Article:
Steve Ballmer hasnt always been the most popular CEO in the world, but its time for him to go. Microsoft is being made to look foolish in the smartphone OS market; it has no presence in tablets; and there is some concern that Windows and Office might not be the cash cows they once were after Windows 8 launches. Maybe its time for some fresh ideas at Microsoft.
Yahoo is a mess. After Carol Bartz was fired, the company became the subject of potential buyouts that, publicly, its board says it doesnt want, but privately has to be hoping for. Yahoo says its looking for a new CEO, but so far, that search has proven fruitless. Maybe its time Yahoo either sells to the highest bidder or starts getting serious about finding a new top executive.
It wont be easy for the Dell board of directors to unseat the companys founder as CEO, but the time has come for it to do just that. Michael Dell is totally lost in the mobile space. Although he has been able to stabilize Dells PC division, he hasnt done nearly enough to safeguard his company from the cloud and services threats it will face in the coming years.
Sony CEO Howard Stringer says that he has had his sights set on Apple for years now. And finally, he is going to be able to implement a strategy to take on the iPhone maker. The only trouble is, his so-called four-screen strategy is a joke. With a television business that continues to hurt earnings, it might be time for Stringer to go and be replaced by Kazuo Hirai—his—heir apparent.
Samsung is a rather interesting company. Like Sony, it provides a host of products to consumers and companies. But unlike Sony, it has been somewhat successful in the mobile market and the appliance business. That said, Samsung has been losing court battles all over the world against Apple, following claims that it violates patents the iPhone maker holds. Granted, Samsung says its innocent, but all those losses are a black eye on the company and they need to be rectified by finding some new leadership.
Cisco made the smart move earlier this year to refocus its company around the enterprise. The result was the quick discontinuation of many of its consumer-focused products, like the Flip camcorder. But there is more trouble than that at Cisco. For one, the Cisco Cius is a joke. Plus, its focus on consumer exploits over the years has made it lose some ground in the enterprise. Thats a problem that needs to be fixed with a new CEO.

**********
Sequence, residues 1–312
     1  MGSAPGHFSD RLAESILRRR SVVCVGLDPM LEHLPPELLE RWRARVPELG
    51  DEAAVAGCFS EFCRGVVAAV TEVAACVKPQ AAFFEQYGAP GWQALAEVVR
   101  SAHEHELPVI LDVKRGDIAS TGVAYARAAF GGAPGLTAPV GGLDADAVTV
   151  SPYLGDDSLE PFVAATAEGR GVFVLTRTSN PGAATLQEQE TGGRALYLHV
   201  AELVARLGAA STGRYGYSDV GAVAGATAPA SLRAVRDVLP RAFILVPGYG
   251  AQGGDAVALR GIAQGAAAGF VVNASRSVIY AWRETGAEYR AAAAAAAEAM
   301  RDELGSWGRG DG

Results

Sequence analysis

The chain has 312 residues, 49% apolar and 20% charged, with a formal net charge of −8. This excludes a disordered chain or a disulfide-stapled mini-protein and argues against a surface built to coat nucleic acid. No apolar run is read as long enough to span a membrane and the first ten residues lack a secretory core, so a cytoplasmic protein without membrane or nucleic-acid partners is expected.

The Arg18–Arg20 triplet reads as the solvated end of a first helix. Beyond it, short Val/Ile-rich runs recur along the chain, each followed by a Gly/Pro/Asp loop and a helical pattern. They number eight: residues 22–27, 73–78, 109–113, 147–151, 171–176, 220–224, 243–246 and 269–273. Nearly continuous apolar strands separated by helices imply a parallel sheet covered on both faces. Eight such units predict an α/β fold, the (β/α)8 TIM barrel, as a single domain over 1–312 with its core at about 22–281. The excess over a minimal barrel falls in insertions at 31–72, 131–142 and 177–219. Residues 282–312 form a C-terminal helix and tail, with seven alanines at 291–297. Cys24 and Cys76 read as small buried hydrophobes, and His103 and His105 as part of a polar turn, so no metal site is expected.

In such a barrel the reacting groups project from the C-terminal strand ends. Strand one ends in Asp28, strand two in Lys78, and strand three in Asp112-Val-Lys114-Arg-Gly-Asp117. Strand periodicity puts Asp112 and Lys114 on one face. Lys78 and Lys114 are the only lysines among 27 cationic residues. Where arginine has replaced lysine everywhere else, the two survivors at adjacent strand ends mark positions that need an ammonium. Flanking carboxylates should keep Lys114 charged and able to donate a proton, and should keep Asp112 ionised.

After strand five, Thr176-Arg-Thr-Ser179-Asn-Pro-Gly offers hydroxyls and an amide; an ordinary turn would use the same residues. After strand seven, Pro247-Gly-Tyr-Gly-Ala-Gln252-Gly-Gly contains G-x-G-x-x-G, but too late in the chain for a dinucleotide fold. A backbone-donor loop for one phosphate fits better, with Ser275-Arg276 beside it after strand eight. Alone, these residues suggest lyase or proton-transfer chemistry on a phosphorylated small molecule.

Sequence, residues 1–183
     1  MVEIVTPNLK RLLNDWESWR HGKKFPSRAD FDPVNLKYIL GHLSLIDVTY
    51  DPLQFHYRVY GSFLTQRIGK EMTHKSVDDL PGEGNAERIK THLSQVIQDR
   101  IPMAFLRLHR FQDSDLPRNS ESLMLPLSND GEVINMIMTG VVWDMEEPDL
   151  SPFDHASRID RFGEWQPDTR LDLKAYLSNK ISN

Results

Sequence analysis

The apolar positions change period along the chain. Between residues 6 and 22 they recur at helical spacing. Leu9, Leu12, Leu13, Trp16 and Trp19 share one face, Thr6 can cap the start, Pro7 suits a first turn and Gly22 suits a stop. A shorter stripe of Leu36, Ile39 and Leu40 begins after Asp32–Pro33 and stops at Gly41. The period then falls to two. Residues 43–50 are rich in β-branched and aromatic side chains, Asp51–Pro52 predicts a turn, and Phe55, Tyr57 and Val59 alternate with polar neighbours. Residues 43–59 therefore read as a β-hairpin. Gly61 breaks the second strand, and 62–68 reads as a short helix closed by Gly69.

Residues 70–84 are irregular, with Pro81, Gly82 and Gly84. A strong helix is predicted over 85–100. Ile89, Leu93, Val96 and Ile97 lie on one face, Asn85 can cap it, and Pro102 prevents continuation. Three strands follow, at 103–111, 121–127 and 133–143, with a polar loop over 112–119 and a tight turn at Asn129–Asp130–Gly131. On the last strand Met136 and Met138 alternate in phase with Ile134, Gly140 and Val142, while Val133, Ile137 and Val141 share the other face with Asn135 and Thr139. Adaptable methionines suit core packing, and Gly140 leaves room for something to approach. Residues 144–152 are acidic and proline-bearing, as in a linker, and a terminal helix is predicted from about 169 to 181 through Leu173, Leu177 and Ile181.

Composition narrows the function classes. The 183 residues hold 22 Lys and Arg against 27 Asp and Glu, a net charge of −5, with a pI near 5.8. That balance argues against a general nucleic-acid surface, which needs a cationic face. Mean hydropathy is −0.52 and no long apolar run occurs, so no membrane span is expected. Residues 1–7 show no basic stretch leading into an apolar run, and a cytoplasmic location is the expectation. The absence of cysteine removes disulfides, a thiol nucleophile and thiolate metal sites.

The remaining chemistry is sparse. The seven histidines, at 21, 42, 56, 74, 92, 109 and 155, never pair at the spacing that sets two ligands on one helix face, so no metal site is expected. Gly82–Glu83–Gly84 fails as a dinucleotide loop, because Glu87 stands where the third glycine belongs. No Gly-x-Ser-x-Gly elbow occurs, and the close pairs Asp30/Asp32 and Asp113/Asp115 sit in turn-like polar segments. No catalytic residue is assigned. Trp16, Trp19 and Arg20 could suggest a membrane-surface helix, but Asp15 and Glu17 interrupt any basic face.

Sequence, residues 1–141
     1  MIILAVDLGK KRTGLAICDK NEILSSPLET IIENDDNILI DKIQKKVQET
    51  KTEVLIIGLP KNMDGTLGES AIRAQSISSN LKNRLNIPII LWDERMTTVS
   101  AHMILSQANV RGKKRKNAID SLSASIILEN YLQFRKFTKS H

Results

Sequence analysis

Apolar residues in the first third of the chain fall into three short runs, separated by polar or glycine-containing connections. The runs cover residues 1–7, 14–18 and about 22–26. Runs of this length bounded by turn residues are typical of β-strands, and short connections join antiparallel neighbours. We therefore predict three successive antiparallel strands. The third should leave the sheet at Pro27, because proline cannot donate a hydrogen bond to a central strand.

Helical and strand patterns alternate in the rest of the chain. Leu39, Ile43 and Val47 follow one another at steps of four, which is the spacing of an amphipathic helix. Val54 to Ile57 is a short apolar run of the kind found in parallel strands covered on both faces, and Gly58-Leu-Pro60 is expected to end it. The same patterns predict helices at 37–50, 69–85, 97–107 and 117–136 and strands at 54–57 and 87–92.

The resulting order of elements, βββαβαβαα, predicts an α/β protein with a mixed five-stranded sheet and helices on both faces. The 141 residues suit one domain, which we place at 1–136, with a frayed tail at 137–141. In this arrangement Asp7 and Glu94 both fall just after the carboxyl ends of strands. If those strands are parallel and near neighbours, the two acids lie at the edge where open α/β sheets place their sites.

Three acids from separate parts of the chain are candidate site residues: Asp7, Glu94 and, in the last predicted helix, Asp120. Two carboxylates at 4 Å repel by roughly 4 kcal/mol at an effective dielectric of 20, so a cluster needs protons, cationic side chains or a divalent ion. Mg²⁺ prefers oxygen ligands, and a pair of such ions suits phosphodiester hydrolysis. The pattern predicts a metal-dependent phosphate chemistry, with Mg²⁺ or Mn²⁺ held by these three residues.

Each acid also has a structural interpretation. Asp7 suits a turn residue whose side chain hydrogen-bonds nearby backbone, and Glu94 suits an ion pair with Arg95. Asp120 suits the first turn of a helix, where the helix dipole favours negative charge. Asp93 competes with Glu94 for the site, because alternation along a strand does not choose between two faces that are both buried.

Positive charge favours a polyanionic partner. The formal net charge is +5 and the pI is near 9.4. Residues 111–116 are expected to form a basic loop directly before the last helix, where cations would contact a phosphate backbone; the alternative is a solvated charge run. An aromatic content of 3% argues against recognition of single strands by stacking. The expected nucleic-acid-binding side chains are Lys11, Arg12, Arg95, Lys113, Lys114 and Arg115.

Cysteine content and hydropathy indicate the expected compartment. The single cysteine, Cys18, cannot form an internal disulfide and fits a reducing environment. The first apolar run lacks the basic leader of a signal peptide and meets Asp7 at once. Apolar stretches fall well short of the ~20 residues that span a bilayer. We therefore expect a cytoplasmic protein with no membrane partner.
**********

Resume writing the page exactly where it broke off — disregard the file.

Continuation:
AOL is quickly joining the pantheon of former tech greats that just doesnt have what it takes any longer to be a success. The company is losing top executives at an alarming rate and its Websites arent doing nearly as well as they could. Furthermore, Tim Armstrong doesnt appear to know what to do to fix the company. He has to go.
Research In Motion
What more can be said about Jim Balsillie and Mike Lazaridis that hasnt already been said? Research In Motions co-CEOs are bringing the company down by focusing on the past, rather than trying to determine what the future holds. In the process, their shareholders are learning the hard way just how bad it can be when incompetent CEOs are in charge of a public company. The co-CEOs need to go.
Nokia finds itself in an extremely uncomfortable position right now. On one hand, its former mobile operating system of choice, Symbian, is dead. On the other hand, its next OS of choice, Windows Phone 7, has yet to catch on in the mobile market. Meanwhile, iOS and Android have won favor with consumers and enterprise users. Nokia might still be one of the top mobile device makers in the world, but for how much longer? Stephen Elop is putting his company is serious jeopardy.
This one might surprise many readers who think Googles financial performance justifies keeping Larry Page in place as the companys CEO. But further inspection reveals he might not be the best man for the job. One glaring issue is that he spent far too much—$12.5 billion—to acquire Motorola Mobility for patents. Furthermore, employees are leaving at an alarming rate over concerns that hes too much of a micro-manager and has changed the companys core policies too much. Add that to the ridiculous number of mediocre solutions his company keeps releasing, and it might become clearer that Page just doesnt have what it takes to be Google CEO.